THERE’S something else.
Night tarpon are so energized, so pumped by their gluttonous feeding, they respond to the hook with a jumping ferocity beyond what the same size fish might display by day. And then they run. Invariably, even if hooked far out in the bay, they head with the current toward the ocean, toward the bridges. Hook a tarpon 100 yards from a bridge in strong current, and it’s “Katy, bar the door.” Add the eeriness of dark being pierced by a beam of high-lumen light, directed by someone in the boat tracking the fish and the fly line; add the possibility of sharks holding in current breaks, just waiting for the right moment to attack; add the slalomlike hazards of bridge and power line support piers— and all bets are off. Bringing a fish boat-side and pinging out the hook without angler casualties requires a rehearsal of tactics, precise teamwork, instant reaction, and luck.
On calm nights, you make long, slow strips, gliding the black deer-hair ’poon fly on the surface, crosscurrent, and then back in. Tarpon can see the fly a long way off in calm water, but they can also see it with chop nearly coming over the bow. Their eyesight is incredible.
When you get the eat, you may yell because no one can see the fish, nobody knows what kind of hell you’ve whipped up. When the ’poon starts crashing, the motor is cranked, and away you go. The fish may rip line off the reel despite the drag knob having been cranked down using your shirt. Somehow, the boat follows, booming past the first bridge supports with the water licking high. Now the fish is running straight, not jumping, between both bridges, until it cracks a hard left past the next support piers and is in the ocean. It’s slowing. You might have it. . . .
Maybe the next fish goes nuts for 200 yards and your line and most of your backing are out, the high-beam light showing it wrapped around the barnacled bridge support. You get in the backing, your pal has the light on the line going down the concrete pier, and the guide is screaming, “Break it off!” It’s only 20-pound tippet, you recall, and should have cut by now. The current is absolutely tearing past the boat and the bridge like a surf break, before you see the line wrapped on the far side—you’ve tried to break the line, not the tippet! The guide sees this, scoots around, and everything comes free. Even the fly. Forget the fish.
IN the mid -’90s, most guides working the night shift used their daytime, technical poling skiffs, but they were tippy and scary as hell in the rips around bridges. And there were those sharks. One calm night near a bridge, one guide had two anglers in his little Dolphin skiff with one of them hooked to a tarpon that rushed the boat. A fabled giant hammerhead, locally known as Big Mo, heaved under the skiff, knocking it up. The guide grabbed the stumbling anglers, their eyes big as sunny-side eggs, while Mo blasted the tarpon into the air, catching it crosswise as it dropped. The guide gave up night fishing—at least in that little skiff.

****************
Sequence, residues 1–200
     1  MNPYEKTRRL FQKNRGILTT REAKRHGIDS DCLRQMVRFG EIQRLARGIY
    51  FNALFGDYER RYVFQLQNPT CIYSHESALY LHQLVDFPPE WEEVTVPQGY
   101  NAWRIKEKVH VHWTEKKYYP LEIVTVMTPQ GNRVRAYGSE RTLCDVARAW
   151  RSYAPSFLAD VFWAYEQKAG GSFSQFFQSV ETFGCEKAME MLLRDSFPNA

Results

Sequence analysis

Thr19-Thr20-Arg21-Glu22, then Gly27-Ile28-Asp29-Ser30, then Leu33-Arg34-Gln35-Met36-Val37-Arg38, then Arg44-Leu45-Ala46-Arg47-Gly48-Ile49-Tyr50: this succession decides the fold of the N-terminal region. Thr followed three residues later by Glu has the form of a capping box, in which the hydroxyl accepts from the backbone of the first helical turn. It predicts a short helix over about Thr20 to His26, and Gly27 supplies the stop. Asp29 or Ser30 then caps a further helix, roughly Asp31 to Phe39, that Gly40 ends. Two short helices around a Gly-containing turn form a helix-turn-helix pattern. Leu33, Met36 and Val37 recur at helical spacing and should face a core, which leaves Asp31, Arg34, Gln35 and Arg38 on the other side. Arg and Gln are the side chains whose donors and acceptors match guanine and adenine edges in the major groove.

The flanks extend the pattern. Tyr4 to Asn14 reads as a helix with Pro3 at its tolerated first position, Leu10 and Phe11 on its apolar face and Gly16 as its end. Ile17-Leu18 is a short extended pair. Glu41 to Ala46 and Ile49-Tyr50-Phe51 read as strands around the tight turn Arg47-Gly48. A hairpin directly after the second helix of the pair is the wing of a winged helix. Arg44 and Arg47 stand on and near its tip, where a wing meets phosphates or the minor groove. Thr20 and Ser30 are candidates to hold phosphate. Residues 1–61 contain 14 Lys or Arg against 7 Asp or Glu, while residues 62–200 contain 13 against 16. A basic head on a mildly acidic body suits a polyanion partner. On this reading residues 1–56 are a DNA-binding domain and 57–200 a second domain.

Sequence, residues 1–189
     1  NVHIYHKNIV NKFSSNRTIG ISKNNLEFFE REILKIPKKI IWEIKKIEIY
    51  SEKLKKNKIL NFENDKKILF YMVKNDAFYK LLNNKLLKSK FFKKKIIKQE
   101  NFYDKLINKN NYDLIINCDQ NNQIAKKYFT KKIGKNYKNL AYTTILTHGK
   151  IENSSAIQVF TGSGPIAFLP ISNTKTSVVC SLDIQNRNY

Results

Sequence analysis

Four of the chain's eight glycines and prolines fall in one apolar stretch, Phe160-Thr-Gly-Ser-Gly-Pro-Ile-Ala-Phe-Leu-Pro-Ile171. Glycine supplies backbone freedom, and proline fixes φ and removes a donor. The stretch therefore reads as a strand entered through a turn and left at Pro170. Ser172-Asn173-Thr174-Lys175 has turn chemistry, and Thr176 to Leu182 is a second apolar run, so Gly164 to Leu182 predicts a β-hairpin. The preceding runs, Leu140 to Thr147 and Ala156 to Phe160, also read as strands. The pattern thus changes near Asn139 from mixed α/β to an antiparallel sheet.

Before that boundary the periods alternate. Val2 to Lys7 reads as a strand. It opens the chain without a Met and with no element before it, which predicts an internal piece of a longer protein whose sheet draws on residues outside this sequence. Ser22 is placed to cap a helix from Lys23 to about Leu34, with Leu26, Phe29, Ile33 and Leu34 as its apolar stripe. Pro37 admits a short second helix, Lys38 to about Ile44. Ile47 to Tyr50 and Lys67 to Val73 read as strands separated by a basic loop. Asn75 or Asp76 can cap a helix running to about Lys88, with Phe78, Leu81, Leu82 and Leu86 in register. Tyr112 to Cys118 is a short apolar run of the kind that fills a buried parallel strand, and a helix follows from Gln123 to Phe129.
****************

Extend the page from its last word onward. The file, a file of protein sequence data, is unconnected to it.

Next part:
Most often, with the high-lumen light following the fish and the line, you see the sharks come, fins slicing the surface, bulls or hammerheads, and you clamp down and break the tarpon free. Still, it’s always a crapshoot chasing any big game fish that jumps—especially at night, when “the man in the brown suit” is near.
“It’s jism,” I told him. “In nine weeks, you’re gonna have pups.”
Only once, back when he was a night guide, Chard had a hooked fish launch over his skiff, over the angler’s head. “We were very lucky that the fly line kind of took the good path over,” he said. “Amazingly, the angler actually cleared the line and fought the fish on the other side.”
In 2010, after his second hip transplant, Capt. Jake Jordan gave up poling, sold his skiff, and bought a 20-foot-long, high-sided Jones Brothers center console. Jordan is now the go-to night guy in the Middle Keys. The boat makes his anglers very happy.
Even in the big boat, Jake has had some excitement; tight drags that help stall wildly running fish also make those fresh tarpon charge right in. Happens so fast that keeping the rod off the gunwale doesn’t always work. Fish go under the boat, come out the other side trailing half a rod. It’s happened more than once.
“One time when I had my [flats] skiff, a hooked fish came quartering at us, and the angler was getting his line back,” Jordan said. “Then the fish rushed alongside the boat and the angler, trying to follow, slammed the rod into the poling platform. The rod broke, the fish jumped and hit the port aft, coming half in, squirting out milt, sliming the angler and the boat before thrashing over. The angler looked down at himself and the mess dripping off him. “‘What the hell is this?’ he said. ‘It’s jism,’ I told him.
‘In nine weeks, you’re gonna have pups.’”
Retired Outdoor Life fishing editor Jerry Gibbs lives on the mid-Maine coast, where night fishing for stripers is somewhat tamer than night fishing for tarpon—except for the lobster trap buoys.